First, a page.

Bo's blog entry #1

January 5, 2017

If you’re lucky enough to work regularly in Richmond theatre, it’s likely that you work for more than one organization.  Actors, directors, designers, choreographers, musicians, and, yes, playwrights, all bounce from place to place, perhaps rehearsing Sunday through Wednesday in this building while performing Thursday through Sunday in that one. 

 

Some might view such a life as a sad scramble, and murmur sympathetically about “those poor homeless artists.”  But I tend to think of it as rather the opposite-- that those of us who are blessed with these chances aren’t the least bit homeless; rather, we have many homes.  We relish our ability to move without passport from place to place, making nonsense of the very idea of borders and boundaries.

 

So it gives me great pleasure to look out the window and smile as my train brings me into the land of Firehouse.  It is at once familiar and strange-- the same building, the same stage, the same staircase….but such intriguing new features, such bright new colors, such wonderful new people. The landscape is in full bloom, and its scent is of possibility.

 

It’s especially nice to be returning with a play that had its very first public hearing on this same stage.  Five years ago, thanks to Carol Piersol, a very early draft of THE BOATWRIGHT was given voice by Bill Patton and Matt Bloch, with Jan Guarino directing and Audra Honaker helping us to imagine the stage directions.  It then made its way to Ashland, Oregon, where it received extremely useful help from extremely talented people; around that time, it also won the inaugural American Association of Community Theatres New Play Contest, after which it had its world premiere at the Grand Rapids Civic Theatre in Michigan and was published by Dramatic Publishing.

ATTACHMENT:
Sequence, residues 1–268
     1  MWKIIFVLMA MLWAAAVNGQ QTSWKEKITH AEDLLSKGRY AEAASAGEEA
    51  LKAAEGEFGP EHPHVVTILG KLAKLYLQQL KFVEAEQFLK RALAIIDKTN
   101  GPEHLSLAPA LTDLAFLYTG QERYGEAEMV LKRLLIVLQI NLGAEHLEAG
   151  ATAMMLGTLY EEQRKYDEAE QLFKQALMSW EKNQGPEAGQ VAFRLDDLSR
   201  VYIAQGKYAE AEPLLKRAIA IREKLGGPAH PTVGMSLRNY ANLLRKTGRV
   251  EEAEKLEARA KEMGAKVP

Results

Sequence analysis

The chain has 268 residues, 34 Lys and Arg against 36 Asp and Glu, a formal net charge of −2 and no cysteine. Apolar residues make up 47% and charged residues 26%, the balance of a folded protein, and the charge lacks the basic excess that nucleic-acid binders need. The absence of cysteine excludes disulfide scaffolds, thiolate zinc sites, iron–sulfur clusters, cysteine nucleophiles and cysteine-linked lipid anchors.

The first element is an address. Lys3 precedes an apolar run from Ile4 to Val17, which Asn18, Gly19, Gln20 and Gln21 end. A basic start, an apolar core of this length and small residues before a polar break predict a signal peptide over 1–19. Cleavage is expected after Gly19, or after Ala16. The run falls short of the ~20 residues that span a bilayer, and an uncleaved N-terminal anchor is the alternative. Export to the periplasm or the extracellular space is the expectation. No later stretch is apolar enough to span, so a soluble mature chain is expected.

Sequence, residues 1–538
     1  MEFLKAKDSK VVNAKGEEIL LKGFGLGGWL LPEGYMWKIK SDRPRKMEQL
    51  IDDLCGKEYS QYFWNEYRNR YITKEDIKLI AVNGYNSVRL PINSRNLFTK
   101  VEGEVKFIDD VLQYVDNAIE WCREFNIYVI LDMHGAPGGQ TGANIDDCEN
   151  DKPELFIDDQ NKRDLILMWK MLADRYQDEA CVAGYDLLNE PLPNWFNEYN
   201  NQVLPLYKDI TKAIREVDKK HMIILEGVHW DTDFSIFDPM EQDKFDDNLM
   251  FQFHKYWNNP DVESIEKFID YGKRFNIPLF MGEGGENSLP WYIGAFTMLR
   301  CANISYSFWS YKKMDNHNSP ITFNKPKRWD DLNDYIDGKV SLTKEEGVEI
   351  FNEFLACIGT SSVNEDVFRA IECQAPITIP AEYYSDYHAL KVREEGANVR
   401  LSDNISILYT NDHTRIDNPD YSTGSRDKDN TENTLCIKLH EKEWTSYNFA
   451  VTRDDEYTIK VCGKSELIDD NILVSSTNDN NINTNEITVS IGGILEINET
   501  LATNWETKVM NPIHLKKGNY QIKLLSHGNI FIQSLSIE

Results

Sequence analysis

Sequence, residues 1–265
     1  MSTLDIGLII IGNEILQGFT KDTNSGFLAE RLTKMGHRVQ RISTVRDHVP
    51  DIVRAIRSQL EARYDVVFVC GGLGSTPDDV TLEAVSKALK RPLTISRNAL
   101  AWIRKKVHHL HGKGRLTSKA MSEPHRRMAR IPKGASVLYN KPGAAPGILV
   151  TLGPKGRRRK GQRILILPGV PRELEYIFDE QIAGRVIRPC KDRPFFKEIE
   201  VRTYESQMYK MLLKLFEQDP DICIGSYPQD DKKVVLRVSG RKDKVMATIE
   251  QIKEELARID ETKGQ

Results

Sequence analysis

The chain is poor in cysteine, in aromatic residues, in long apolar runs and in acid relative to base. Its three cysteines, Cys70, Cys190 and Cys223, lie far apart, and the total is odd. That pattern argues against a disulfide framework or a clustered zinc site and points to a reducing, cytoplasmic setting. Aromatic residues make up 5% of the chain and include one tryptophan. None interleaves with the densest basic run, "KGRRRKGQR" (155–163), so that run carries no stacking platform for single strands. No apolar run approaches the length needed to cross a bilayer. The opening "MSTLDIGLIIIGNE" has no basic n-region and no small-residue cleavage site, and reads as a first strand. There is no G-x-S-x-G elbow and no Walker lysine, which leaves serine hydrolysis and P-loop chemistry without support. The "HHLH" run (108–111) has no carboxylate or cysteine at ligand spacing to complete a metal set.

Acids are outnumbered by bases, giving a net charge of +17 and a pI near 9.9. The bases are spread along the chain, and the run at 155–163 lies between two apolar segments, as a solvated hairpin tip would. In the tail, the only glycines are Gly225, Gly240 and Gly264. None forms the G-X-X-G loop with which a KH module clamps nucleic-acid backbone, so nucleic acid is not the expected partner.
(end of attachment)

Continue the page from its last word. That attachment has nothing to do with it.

As the play itself says, the point of a good boat is that it can bring you home, and it’s extremely nice to see THE BOATWRIGHT receiving a full production on the very stage where it began, expertly helmed this time by Gary C. Hopper, who has piloted several of my works through tricky waters for over twenty five years.  Its cast features two of Richmond’s most talented actors in veteran David Bridgewater and newcomer Tyler Stevens.  My play could not be in more capable hands.

 

I won’t really be spending much time here until after THE BOATWRIGHT opens in February, at which time I’ll be settling in periodically to fiddle around with one play or another (or a third.)  Joel and I expect to be putting something called FOOD, CLOTHING AND SHELTER in front of you at some point during the year, and there’s something else I’ll be working on just as soon as I decide what it is… but in the meantime, I just wanted to say how pleased I am to be back, and how excited I am about all the good work I hope you’ll be joining us for in the year ahead. 

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